After the whirlwind election campaign in which equality, immigration or integration did not feature, we have a new government, to which I would like to extend a qualified welcome. Appointing Alan Shatter to Justice was a foregone conclusion. Shatter has a good record of speaking about equality issues while in opposition, but coupling his Justice portfolio with Defence sends the wrong message, at least at the level of public discourse. Justice and Defence wreaks of security, crime prevention, the Gardai, the military forces – all important issues, but say little about equality, which, as Vincent Browne argued in The Irish Times, this Fine Gael-Labour coalition has so far failed to embrace.
I said‘qualified welcome’because I am faintly hopeful that Shatter might do what he spoke about while in opposition and, among other things, reform the toothless 1989 Incitement to Hatred Act, which he rightly told me at the time, is a weak piece of legislation which would never result in convictions.
He might also pay some attention, as the programme for government mentions, almost as an aside, to introducing ‘comprehensive reforms of the immigration, residency and asylum
systems, which will include a statutory appeals system and set out rights and obligations in a transparent way.’ Bearing in mind, however, that over 6,000 asylum seekers are still lingering in direct provision ‘holding camps’, reforming the asylum and residency systems is crucial, though I wonder whether such reform will bring about further tightening. And what, I wonder, of the Immigration, Residency and Protection Bill – will the new government enact it, taking on board important issues such as summary deportations and racial profiling?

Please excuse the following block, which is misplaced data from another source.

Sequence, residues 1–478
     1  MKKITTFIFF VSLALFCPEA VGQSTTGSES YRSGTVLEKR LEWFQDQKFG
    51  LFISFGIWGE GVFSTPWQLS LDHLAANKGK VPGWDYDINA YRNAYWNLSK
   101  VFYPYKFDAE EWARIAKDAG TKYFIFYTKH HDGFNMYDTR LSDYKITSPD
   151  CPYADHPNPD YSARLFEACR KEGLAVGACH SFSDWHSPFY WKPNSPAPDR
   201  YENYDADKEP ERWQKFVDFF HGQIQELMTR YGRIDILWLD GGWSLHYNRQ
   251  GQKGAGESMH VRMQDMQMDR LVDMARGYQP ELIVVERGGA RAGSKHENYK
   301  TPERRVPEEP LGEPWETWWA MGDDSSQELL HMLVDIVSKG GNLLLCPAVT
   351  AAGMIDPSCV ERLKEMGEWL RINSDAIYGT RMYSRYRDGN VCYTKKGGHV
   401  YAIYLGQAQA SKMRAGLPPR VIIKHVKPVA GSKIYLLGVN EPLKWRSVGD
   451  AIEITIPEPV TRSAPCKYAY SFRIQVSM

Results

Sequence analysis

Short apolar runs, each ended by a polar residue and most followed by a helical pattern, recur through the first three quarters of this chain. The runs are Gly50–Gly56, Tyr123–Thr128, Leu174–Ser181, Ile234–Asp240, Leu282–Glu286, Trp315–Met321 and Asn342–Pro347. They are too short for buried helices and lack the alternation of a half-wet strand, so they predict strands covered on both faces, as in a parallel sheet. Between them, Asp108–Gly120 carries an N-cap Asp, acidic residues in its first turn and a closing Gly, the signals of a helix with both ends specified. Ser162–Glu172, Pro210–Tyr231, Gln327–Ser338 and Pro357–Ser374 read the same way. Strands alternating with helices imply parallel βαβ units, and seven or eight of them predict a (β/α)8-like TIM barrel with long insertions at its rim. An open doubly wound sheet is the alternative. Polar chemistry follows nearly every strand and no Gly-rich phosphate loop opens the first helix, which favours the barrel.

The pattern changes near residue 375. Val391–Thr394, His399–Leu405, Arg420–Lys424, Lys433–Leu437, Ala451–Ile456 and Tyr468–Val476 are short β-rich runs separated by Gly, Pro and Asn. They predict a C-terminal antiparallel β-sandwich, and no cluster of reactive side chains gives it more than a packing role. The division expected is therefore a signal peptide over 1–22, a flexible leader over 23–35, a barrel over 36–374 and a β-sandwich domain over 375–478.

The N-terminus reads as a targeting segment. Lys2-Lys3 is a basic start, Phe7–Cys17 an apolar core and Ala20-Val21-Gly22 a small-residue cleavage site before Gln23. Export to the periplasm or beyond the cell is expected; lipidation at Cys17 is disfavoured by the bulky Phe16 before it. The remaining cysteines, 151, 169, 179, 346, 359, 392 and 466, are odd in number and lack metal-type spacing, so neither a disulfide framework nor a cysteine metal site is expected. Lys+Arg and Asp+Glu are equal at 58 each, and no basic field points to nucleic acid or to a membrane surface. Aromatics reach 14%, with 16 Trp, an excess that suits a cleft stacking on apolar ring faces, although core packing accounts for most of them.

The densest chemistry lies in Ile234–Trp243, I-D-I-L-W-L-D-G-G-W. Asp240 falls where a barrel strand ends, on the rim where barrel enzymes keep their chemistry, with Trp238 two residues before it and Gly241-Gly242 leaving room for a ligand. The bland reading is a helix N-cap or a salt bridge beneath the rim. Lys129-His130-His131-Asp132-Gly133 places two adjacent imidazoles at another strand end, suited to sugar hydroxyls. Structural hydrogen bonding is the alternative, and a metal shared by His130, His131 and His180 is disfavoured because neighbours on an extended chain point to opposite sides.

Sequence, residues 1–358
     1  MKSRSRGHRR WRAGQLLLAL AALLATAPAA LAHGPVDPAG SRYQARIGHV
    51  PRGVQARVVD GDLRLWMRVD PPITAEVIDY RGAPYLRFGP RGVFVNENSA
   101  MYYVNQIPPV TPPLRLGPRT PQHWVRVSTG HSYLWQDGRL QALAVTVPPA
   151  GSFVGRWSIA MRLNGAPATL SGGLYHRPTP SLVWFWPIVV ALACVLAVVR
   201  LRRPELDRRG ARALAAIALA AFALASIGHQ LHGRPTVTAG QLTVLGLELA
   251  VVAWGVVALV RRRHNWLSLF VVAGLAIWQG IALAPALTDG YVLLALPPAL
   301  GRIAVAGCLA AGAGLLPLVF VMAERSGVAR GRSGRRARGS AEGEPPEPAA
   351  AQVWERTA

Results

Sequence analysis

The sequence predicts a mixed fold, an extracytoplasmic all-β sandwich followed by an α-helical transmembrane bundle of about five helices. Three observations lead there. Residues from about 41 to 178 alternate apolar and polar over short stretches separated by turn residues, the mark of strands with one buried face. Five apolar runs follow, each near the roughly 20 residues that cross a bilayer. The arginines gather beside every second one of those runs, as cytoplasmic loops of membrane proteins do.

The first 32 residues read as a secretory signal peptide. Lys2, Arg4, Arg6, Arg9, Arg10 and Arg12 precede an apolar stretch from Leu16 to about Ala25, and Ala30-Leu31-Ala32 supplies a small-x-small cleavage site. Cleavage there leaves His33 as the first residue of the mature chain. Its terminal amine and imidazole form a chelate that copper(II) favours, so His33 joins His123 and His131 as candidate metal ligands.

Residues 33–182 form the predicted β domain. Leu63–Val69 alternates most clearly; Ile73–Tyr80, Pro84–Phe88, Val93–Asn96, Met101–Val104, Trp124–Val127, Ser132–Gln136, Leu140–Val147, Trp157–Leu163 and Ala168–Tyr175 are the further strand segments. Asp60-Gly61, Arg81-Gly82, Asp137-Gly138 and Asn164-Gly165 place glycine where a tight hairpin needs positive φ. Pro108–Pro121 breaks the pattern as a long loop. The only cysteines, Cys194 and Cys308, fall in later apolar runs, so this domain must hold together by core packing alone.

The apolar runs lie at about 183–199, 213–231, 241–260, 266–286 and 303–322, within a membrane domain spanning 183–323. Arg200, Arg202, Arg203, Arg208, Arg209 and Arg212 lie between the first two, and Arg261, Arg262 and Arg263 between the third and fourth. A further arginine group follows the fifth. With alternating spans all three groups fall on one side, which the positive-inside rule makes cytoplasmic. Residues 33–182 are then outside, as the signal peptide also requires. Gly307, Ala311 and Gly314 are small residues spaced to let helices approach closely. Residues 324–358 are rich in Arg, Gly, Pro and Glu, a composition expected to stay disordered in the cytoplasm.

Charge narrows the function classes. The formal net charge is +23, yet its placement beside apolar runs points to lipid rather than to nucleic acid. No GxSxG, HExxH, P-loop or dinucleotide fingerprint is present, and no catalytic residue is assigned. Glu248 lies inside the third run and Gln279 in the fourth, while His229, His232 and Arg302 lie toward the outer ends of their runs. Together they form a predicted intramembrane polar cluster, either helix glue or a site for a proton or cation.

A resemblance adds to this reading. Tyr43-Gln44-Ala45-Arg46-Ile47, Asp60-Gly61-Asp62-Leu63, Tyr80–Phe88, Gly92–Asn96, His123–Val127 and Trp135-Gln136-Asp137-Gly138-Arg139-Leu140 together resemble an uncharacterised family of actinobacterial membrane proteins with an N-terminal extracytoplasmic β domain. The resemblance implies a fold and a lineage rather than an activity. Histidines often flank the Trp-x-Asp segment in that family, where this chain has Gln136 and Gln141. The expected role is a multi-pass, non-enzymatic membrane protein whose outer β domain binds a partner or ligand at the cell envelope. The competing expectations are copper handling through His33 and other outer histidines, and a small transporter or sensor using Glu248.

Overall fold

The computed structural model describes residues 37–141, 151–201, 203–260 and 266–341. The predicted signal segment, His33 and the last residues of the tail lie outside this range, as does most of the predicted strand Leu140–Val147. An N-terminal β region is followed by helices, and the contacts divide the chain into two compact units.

While Minister Shatter is responsible for Justice and Defence, his department is responsible for Justice, Equality and Defence but the Minister of State appointed, Kathleen Lynch, will take charge of disability, equality and mental health. This is interesting – the first Fianna Fail Minister of State for Integration, Conor Lenihan, focused on equality and worked closely with migrant-led groups. His successor, John Curran, dealt with both equality and drugs policy – it was no surprise where the emphasis lay. The brief of the final incumbent, the Greens’ Mary White, was equality, human rights and integration – again too broad. Minister Lynch’s brief, and particularly the mental health part, will hardly leave her time to focus on integration. I wonder whether Lenihan was appointed when there was EU funding for integration and whether this budget has now dried up, hence the low emphasis on integrating migrants and ethnic minorities.
According to the New Communities Partnership (NCP), in 2010 MIPEX (Migrant Integration Policy Index), which assesses governments’ commitment to integration throughout Europe, found that Ireland’s policies are still viewed as extremely unfavourable to integration, below the UK, Spain, Italy and on a par with Greece and Slovenia. Ireland’s family reunification and long-term residence procedures are ranked as the least favourable conditions for integration in Europe and North America. Much room for improvement here.
So, you can see why my welcome to Ministers Shatter and Lynch is qualified. Immigration and integration have fallen off the Irish radar and in order to maximise the contribution made by migrants to Ireland’s economic, social, cultural and political life, we need the government to take a lead, provide much needed funding for migrant-led associations, and, at the public discourse level, remind everyone that migrants are here to stay.